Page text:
Opening Statement of Ranking Member Frank Lucas at Hearing on Space Situational Awareness
Thank you, Chairwoman Horn, for holding this timely hearing on situational awareness in space. Only two weeks ago we saw the importance of this issue, as two defunct government satellites, each traveling at roughly 17,500 miles per hour, came dangerously close to each other 560 miles above Pittsburgh. While there was no threat to those on the ground, a collision in space could be significant because the debris could impact other satellites or even potentially threaten astronauts aboard the International Space Station depending on the orbit.
The satellites ultimately passed each other without incident, but there were widely varied estimates of their chances of colliding – ranging from 1 in 100 to 1 in 1000. Limitations on tracking data and the satellites’ exact characteristics and orientation lead to this kind of uncertainty, which is problematic. For instance, most of the data on objects in space comes from the Department of Defense (DoD). While the DoD provides data to the international community and the private sector, national security concerns limit the fidelity of the data it can release.
The private sector, however, is emerging as an important partner in this equation. Companies are beginning to provide not only visualization products and services, but also sensor data. Furthermore, companies that operate satellites typically have better data on their satellites than anyone else. Non-profit groups like the Space Data Association and the newly formed Space Safety Coalition are partnering with government agencies, commercial satellite operators, space data providers, and the international community to provide solutions to the challenge of space situational awareness, space debris mitigation, and space traffic management.
The Trump Administration is also paying attention. Vice President Pence and the National Space Council released two important policies related to the topic before us today. Space Policy Directive 2 calls for streamlining space regulations and Space Policy Directive 3 calls for a coordinated space traffic management effort to ensure safety, stability, and innovation in space.
The principles in these policies track directly with the positions this Committee has advocated for in numerous hearings over the last decade. Furthermore, this Committee passed two critical pieces of legislation out of the House in the previous Congress that relate to space situational awareness and space traffic management. The American Space Commerce Free Enterprise Act, sponsored by Ranking Member Babin, and the American Space SAFE Management Act, would go a long way to advancing the development of standards, best practices, and rules of the road in a way that would not stifle the private sector.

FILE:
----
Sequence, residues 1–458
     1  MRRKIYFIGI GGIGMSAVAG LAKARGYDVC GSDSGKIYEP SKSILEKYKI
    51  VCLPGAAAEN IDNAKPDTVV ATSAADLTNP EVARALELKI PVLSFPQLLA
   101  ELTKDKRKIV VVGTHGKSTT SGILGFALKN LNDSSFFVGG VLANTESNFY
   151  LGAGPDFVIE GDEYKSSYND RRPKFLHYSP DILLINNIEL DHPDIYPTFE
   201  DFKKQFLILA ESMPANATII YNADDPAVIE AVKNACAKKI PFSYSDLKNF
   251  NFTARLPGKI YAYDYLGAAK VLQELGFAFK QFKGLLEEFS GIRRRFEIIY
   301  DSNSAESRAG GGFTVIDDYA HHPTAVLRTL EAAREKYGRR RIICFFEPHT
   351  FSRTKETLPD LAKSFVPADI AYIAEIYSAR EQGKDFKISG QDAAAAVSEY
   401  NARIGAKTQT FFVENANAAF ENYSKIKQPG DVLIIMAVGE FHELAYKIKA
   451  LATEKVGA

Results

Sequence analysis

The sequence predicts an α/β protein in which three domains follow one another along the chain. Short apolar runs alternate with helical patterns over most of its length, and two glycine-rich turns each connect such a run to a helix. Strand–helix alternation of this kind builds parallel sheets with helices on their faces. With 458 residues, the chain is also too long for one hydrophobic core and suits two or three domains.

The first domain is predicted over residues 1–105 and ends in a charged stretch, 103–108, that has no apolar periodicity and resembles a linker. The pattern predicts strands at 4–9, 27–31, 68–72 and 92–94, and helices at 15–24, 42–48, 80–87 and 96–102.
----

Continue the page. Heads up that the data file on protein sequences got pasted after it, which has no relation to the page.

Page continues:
The Administration also proposed giving the Department of Commerce, rather than the Department of Defense, the responsibility to issue notices of potential collisions. DoD would prefer to focus its efforts on supporting our troops and national security. The Department of Commerce already has experience dealing with the private sector to assist commerce. They also license commercial remote sensing satellite operators; operate a fleet of government weather satellites; protect critical technologies from export; provide safety notifications and forecasting for weather; and understand how to manage technology in a manner that fosters innovation.
The Office of Space Commerce at the Department of Commerce is already up and running and has served a similar function coordinating interactions with the U.S. government, international partners, and the private sector related to Global Positioning System policies as the host of the Position, Navigation, and Timing National Coordination Office.
Unfortunately, Democratic Senate Appropriators are preventing the Department of Commerce from reorganizing in a way that can advance space safety. If we want to seriously address the problem of tracking space debris, advance our space object tracking capabilities, and develop best practices and rules of the road for operating in space, the first step is allowing the Office of Space Commerce to be the “commercial storefront” for space situational awareness data. The government can then partner with the private sector and international community to share data and establish consensus-based norms of behavior. This will go a long way to ensuring Earth orbit remains useful for future generations.
I look forward to working with my colleagues here on the Committee, as well as Appropriators, the Administration, and the private sector to advance common-sense policy solutions related to space object tracking.
Thank you and I yield back the balance of my time.